Cape CanaveralNASANews and Updates

Solar Orbiter launches with impeccable accuracy

Solar Orbiter takes off aboard a United Launch Alliance Atlas V 411 rocket from SLC-41 at 11:03 p.m. EST, Feb. 9, 2020. Photo credit: United Launch Alliance

EDITOR’S NOTE: Space Scout has been gone for a while, due to some real-life issues with the production team. But we’re back now!

FEB. 14, 2020–Five days ago, the cooperative NASA-ESA Solar Orbiter mission took off on an Atlas V 411 from Space Launch Complex-41, from Cape Canaveral Space Force Station, towards the poles of the sun. Yesterday, United Launch Alliance’s CEO Tory Bruno hinted that it may be the most accurate insertion ever done by ULA.

Earlier on the thirteenth, Tory Bruno posted this infographic of the launch accuracy of Solar Orbiter.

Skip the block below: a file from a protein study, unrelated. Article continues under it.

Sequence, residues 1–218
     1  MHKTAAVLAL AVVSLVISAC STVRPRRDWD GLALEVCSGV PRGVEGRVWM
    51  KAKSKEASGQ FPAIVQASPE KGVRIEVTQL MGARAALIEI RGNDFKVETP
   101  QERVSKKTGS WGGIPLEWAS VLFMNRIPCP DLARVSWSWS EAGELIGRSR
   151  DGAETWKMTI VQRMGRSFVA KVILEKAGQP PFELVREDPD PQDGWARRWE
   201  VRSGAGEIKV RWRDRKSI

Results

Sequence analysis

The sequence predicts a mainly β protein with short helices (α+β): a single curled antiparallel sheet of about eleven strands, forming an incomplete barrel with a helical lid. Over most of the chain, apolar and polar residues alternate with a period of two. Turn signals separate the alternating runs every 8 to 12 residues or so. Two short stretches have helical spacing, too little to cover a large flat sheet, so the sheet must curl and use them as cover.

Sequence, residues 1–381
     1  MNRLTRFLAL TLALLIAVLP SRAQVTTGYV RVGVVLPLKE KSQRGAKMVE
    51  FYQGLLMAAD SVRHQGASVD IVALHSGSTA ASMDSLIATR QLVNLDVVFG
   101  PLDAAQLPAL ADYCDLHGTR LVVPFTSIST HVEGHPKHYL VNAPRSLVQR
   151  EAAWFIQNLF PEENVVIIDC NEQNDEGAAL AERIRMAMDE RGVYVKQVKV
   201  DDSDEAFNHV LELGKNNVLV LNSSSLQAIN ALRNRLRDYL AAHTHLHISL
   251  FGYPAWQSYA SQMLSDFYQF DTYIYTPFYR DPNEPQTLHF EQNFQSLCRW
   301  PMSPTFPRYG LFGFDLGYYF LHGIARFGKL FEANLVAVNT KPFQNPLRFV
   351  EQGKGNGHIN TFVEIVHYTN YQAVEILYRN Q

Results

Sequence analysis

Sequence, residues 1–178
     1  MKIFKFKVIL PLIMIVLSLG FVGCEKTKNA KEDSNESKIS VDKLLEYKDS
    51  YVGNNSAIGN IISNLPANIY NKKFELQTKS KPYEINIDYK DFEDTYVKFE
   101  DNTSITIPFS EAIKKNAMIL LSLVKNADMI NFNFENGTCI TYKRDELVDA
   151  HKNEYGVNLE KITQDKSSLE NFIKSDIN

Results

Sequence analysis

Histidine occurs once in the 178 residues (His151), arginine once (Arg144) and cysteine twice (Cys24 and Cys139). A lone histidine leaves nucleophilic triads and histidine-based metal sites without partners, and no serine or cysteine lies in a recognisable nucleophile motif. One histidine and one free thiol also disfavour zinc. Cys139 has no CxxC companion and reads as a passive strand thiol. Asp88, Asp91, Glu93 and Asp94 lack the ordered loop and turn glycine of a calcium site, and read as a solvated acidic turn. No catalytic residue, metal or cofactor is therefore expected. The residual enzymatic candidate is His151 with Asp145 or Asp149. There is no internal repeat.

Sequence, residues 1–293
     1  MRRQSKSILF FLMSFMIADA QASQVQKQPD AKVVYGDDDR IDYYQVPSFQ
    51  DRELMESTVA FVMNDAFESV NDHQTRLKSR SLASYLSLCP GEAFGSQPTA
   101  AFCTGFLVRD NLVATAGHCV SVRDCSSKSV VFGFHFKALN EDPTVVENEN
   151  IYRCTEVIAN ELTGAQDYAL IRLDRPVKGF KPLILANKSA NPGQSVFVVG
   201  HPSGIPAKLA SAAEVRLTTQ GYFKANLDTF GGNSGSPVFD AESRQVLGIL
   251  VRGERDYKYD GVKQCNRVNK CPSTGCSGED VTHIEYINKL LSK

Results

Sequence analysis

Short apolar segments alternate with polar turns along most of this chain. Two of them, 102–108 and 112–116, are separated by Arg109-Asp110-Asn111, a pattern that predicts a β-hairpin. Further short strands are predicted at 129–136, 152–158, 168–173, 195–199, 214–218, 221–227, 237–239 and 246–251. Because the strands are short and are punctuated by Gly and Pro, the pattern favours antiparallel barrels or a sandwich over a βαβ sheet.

ULA’s infographic shows an impressive accuracy, considering all tenets of the mission. ESA Operations confirmed this too, saying that Atlas V achieved an accuracy of “within 1 m/s speed, 0.02 degrees direction”

Solar Orbiter is a mission designed to observe the Sun’s poles, as a follow up to the Ulysses mission of 1990. Solar Orbiter will take a three and a half year trajectory to get to its operational orbit of 0.28 by 0.91 AU (1 AU = Earth Orbit), and take an additional 7 years via gravity assists to raise its inclination from zero degrees to 25 degrees above the ecliptic plane, giving it a better view of the sun’s polar regions. With an extended mission, this could theoretically go as high as 33 degrees. For comparison, Ulysses orbited at 79 degrees high, in a 1.3 by 5.4 AU orbit.

Solar Orbiter is equipped with a 2500 mm (focal length) Ritchey-Chretien reflector telescope, solar wind analyzers, energetic particle detectors, a magnetometer, a vast array of imagers ranging from visible to X-ray (and everything in between), and more. Spearheaded by ESA and in collaboration with NASA, it will join Parker Solar Probe in a new generation of solar science.

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